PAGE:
• The Journal of the American Medical Association (JAMA) published an article in December 2014, “Communication about serious illness care goals: a review and synthesis of best practices” (JAMA Intern Med. 2014 Dec;174(12):1994-2003. doi: 10.1001/jamainternmed.2014.5271, ncbi.nlm.nih.gov/pubmed/25330167) that concluded: “An understanding of patients’ care goals in the context of a serious illness is an essential element of high-quality care, allowing clinicians to align the care provided with what is most important to the patient. Early discussions about goals of care are associated with better quality of life, reduced use of non-beneficial medical care near death, enhanced goal-consistent care, positive family outcomes, and reduced costs. Existing evidence does not support the commonly held belief that communication about end-of-life issues increases patient distress.”
  • According to a study published in the January 2014 edition of The American Journal of Preventive Medicine, “Completion of Advance Directives Among U.S. Consumers” (Jaya K. Rao, MD, Lynda A. Anderson, PhD, Feng-Chang Lin, PhD, Jeffrey P. Laux, PhD, DOI: http://dx.doi.org/10.1016/j.amepre.2013.09.008, http://www.ajpmonline.org/article/S0749-3797(13)00521-7/fulltext), only one out of four Americans (26%) have completed an advance directive to ensure their end-of-life healthcare wishes are carried out if they are unable to speak for themselves.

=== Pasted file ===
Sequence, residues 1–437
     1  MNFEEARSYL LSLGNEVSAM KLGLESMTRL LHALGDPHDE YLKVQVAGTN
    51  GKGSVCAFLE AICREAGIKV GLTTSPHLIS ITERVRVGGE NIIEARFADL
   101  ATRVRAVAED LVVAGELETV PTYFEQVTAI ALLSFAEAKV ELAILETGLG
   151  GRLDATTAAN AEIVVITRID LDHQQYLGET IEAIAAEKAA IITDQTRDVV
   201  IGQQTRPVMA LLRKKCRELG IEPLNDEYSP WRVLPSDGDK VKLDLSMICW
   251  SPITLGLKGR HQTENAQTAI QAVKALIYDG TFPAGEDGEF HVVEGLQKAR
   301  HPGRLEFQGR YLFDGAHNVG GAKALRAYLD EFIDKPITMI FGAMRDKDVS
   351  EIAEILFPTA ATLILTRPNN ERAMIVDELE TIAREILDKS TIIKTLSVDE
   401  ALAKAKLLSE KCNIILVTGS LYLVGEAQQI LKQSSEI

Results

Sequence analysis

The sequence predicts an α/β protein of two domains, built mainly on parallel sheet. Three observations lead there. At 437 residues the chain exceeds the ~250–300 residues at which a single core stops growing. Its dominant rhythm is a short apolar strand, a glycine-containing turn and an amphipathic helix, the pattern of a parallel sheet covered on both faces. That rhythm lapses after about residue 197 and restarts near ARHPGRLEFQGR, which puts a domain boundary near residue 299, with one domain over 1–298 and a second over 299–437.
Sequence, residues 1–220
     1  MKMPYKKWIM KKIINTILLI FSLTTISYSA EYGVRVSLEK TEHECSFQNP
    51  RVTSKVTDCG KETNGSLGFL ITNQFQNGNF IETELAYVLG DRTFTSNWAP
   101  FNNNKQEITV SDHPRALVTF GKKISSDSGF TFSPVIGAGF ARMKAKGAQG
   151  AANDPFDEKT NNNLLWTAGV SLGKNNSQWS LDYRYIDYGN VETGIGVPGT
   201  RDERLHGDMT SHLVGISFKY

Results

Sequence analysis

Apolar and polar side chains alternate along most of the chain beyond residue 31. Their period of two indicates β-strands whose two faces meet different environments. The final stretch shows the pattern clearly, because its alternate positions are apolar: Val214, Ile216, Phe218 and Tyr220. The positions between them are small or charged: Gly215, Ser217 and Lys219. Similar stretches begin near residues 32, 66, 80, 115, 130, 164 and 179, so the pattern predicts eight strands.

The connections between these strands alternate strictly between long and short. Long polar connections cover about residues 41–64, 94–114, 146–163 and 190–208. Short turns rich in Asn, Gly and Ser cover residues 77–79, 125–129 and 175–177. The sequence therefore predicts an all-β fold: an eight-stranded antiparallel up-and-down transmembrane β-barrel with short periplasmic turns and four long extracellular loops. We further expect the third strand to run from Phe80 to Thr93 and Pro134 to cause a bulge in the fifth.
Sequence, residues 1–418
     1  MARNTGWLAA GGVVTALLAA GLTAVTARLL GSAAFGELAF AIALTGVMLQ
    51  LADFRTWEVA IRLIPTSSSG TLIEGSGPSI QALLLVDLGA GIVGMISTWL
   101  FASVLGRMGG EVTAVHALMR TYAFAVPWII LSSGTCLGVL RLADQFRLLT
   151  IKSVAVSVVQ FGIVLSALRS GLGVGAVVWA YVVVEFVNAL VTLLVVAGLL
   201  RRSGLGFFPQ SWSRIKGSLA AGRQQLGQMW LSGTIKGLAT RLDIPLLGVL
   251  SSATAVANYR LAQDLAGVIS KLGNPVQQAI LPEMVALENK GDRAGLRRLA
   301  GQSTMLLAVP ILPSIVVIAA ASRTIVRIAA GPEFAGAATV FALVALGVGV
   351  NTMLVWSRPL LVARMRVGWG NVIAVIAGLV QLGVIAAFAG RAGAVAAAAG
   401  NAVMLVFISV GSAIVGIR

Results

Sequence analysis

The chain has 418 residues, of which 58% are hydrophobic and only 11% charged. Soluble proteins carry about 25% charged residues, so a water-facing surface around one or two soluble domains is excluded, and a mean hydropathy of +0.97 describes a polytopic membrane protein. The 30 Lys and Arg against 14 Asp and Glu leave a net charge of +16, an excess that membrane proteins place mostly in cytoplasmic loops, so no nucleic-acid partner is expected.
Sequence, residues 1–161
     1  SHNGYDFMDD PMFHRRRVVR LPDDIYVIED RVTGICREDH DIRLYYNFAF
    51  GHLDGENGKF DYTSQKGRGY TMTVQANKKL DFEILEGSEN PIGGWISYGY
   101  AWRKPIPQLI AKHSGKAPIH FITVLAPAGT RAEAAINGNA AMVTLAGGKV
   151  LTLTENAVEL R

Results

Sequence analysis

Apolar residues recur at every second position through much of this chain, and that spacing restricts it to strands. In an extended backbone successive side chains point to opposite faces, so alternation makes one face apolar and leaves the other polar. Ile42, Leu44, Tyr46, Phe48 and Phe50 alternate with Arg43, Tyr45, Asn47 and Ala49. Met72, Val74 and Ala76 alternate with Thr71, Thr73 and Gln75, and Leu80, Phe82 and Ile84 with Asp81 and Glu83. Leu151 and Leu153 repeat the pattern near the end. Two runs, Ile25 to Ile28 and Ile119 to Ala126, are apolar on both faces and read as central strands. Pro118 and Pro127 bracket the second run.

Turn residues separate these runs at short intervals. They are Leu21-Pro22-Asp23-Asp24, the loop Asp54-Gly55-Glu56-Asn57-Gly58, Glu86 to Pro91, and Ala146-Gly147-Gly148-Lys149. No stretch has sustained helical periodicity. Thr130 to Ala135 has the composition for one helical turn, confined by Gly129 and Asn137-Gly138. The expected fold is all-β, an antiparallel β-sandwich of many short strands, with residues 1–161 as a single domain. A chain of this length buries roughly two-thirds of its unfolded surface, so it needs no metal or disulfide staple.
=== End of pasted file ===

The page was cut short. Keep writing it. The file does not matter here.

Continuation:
New Poll: 3 out of 4 Californians Support End of Life Option Bill

HQ6FJe5P_400x400Three out of four Californians support “a bill under consideration before the California State Legislature [that] would allow terminally ill people to be able to voluntarily end their own lives by taking drugs prescribed by a physician.”

That is the conclusion of a new poll released today by the Institute of Governmental Studies (IGS) at the University of California, Berkeley.